Proceedings of The 2nd Global Conference on Women’s Studies
Reconsidering the Victorian Angel in the Light of Butler’s Concept of Performativity as a Key Indicator of Gender Identity Construction
Dr. Monia Chouari
Amid the fast changes and repercussions of the French and Industrial Revolutions, women’s critical status in the British transitory period stimulated the Victorian elite, such as Elizabeth Gaskell, to raise the complex issue of femininity and womanhood in her writings. Given the predominant concept of the woman as an angel, this study sets forth to examine the mechanisms of the building-up of women characters wrestling with the Victorian ideal of the angel that has been established by theorists of domestic ideology, namely the leading figures, Coventry Patmore John Ruskin. Gaskell’s discourse represents an attempt to transcend the established norms of traditional femininity in contradiction with masculinity. This argument is corroborated through three analytical angles. While the first section presents the socio-cultural background of women as angels, the second one analyses the female characters’ performance within the theoretical framework of Butler’s concept of “performativity” through which gender identity is ‘enacted,’ and the third section examines the role of the language in the selected novels, namely Mary Barton and North and South, to validate the subversive discourse towards founding the New Woman’s identity.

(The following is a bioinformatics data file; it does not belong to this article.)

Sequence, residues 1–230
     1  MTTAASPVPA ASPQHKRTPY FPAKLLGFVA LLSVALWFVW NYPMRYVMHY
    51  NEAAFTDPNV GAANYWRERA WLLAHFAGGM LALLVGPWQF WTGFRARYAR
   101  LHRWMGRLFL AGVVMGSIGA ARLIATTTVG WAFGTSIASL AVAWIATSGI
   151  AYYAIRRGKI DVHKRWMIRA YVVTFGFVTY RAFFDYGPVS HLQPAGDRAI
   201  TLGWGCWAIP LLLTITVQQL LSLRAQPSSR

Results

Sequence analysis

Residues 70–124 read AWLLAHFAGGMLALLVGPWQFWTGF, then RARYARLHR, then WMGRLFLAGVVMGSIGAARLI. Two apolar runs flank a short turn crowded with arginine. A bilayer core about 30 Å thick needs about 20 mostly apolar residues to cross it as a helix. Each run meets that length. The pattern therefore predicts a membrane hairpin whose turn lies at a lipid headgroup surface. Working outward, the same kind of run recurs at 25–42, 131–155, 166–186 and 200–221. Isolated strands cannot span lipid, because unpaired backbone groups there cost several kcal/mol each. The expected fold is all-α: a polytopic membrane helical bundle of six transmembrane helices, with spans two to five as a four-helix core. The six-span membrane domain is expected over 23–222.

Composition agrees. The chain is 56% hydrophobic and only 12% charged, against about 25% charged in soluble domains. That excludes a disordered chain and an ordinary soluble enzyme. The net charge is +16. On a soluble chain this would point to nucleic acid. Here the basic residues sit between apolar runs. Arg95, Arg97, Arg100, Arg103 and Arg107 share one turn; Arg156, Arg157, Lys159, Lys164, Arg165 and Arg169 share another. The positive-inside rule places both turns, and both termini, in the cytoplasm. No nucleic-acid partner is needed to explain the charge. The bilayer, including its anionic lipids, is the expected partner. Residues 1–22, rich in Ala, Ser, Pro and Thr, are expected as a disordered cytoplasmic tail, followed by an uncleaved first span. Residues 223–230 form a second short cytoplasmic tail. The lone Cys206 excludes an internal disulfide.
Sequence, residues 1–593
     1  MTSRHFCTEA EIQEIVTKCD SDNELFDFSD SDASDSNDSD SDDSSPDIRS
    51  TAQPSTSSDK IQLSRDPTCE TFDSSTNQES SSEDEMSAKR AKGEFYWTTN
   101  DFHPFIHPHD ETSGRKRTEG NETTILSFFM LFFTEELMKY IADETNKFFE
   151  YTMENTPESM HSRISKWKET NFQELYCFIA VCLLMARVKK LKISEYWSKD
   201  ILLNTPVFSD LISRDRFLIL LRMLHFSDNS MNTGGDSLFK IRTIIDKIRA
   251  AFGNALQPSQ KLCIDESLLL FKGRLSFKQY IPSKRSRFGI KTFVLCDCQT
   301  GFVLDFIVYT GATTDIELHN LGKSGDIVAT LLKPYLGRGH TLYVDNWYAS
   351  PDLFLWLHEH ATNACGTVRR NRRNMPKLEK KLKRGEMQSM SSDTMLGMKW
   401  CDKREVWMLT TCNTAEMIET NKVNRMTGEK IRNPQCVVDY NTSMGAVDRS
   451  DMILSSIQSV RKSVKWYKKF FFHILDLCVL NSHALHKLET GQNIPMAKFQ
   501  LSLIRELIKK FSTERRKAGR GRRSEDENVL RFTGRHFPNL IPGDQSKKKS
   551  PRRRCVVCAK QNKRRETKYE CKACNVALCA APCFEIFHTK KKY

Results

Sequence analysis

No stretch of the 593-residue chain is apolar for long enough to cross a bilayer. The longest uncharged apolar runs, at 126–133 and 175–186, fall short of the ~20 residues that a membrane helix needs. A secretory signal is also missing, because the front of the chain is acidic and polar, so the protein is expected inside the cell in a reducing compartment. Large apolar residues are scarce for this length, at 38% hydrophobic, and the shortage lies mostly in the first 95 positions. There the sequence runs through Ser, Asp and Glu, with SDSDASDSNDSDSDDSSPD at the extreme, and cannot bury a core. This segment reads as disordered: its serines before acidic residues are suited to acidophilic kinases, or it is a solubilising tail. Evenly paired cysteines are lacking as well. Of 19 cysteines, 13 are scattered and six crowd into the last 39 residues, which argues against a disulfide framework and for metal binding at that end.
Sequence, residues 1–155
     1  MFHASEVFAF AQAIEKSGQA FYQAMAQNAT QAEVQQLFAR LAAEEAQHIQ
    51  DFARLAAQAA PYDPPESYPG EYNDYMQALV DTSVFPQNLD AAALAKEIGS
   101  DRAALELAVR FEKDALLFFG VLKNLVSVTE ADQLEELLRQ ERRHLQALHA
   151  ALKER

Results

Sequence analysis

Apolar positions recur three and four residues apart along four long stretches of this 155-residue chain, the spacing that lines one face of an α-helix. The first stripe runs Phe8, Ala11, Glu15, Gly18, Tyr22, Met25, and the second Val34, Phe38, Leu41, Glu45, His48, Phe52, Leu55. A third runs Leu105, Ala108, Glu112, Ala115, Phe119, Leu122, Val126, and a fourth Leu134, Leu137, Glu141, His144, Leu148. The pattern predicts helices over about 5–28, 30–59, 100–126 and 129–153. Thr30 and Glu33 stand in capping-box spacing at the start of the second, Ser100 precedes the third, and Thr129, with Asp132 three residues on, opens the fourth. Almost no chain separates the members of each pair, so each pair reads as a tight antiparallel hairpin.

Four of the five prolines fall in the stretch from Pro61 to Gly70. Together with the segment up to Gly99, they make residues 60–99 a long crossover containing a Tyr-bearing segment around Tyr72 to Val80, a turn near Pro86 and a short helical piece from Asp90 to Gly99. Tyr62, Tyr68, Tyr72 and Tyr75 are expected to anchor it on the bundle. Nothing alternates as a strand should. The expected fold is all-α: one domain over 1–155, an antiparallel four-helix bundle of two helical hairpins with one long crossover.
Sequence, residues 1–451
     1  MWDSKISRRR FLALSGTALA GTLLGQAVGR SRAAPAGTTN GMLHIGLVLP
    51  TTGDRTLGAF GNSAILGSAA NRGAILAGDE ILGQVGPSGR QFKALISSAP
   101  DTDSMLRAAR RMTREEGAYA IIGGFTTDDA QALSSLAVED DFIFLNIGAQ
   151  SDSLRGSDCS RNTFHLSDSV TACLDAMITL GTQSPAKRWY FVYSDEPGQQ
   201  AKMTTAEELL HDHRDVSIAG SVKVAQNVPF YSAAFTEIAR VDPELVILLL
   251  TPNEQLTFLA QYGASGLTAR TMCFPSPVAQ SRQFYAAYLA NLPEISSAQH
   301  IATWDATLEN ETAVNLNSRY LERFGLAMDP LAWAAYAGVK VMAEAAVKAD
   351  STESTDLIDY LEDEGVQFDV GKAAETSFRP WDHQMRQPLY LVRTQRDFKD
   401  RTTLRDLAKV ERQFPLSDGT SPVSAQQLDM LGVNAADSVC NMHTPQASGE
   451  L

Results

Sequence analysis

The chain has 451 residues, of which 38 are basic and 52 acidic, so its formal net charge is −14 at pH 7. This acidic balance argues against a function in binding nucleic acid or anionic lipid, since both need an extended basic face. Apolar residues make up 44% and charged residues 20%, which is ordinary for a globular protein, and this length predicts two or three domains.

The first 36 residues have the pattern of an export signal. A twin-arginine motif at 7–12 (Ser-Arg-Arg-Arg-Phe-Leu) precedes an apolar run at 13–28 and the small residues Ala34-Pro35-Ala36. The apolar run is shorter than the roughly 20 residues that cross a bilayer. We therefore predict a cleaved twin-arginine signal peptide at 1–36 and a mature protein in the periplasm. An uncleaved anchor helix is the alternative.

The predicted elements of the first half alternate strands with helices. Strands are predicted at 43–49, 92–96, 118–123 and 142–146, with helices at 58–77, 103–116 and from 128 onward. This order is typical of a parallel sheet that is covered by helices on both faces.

Keywords: Gender, discourse; femininity; rewriting; E. Gaskell.